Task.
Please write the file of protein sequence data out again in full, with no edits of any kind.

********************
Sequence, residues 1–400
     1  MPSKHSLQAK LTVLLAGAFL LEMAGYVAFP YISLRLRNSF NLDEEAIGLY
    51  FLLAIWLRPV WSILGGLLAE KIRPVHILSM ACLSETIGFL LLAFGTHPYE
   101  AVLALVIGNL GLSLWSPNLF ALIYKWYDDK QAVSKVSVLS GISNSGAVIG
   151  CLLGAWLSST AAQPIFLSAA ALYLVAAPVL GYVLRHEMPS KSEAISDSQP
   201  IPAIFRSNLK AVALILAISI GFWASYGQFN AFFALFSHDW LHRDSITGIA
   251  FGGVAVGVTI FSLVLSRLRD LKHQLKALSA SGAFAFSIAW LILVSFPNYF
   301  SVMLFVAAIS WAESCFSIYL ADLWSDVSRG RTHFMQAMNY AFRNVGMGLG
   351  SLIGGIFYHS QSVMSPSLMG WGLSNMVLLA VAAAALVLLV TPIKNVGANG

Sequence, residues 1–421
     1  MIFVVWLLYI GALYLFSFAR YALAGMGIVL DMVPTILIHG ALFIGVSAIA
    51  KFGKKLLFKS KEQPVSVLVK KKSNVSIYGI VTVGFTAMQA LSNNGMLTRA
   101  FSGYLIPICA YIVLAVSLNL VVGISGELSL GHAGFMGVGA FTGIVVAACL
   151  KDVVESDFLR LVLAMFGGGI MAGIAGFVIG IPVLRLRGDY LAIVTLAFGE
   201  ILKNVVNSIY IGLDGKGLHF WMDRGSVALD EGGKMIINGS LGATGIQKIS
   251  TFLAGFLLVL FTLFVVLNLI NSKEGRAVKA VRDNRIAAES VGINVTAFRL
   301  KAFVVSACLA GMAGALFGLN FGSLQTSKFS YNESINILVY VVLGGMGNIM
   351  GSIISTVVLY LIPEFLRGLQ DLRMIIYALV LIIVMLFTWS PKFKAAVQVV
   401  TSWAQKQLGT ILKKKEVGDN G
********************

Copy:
Sequence, residues 1–400
     1  MPSKHSLQAK LTVLLAGAFL LEMAGYVAFP YISLRLRNSF NLDEEAIGLY
    51  FLLAIWLRPV WSILGGLLAE KIRPVHILSM ACLSETIGFL LLAFGTHPYE
   101  AVLALVIGNL GLSLWSPNLF ALIYKWYDDK QAVSKVSVLS GISNSGAVIG
   151  CLLGAWLSST AAQPIFLSAA ALYLVAAPVL GYVLRHEMPS KSEAISDSQP
   201  IPAIFRSNLK AVALILAISI GFWASYGQFN AFFALFSHDW LHRDSITGIA
   251  FGGVAVGVTI FSLVLSRLRD LKHQLKALSA SGAFAFSIAW LILVSFPNYF
   301  SVMLFVAAIS WAESCFSIYL ADLWSDVSRG RTHFMQAMNY AFRNVGMGLG
   351  SLIGGIFYHS QSVMSPSLMG WGLSNMVLLA VAAAALVLLV TPIKNVGANG

Sequence, residues 1–421
     1  MIFVVWLLYI GALYLFSFAR YALAGMGIVL DMVPTILIHG ALFIGVSAIA
    51  KFGKKLLFKS KEQPVSVLVK KKSNVSIYGI VTVGFTAMQA LSNNGMLTRA
   101  FSGYLIPICA YIVLAVSLNL VVGISGELSL GHAGFMGVGA FTGIVVAACL
   151  KDVVESDFLR LVLAMFGGGI MAGIAGFVIG IPVLRLRGDY LAIVTLAFGE
   201  ILKNVVNSIY IGLDGKGLHF WMDRGSVALD EGGKMIINGS LGATGIQKIS
   251  TFLAGFLLVL FTLFVVLNLI NSKEGRAVKA VRDNRIAAES VGINVTAFRL
   301  KAFVVSACLA GMAGALFGLN FGSLQTSKFS YNESINILVY VVLGGMGNIM
   351  GSIISTVVLY LIPEFLRGLQ DLRMIIYALV LIIVMLFTWS PKFKAAVQVV
   401  TSWAQKQLGT ILKKKEVGDN G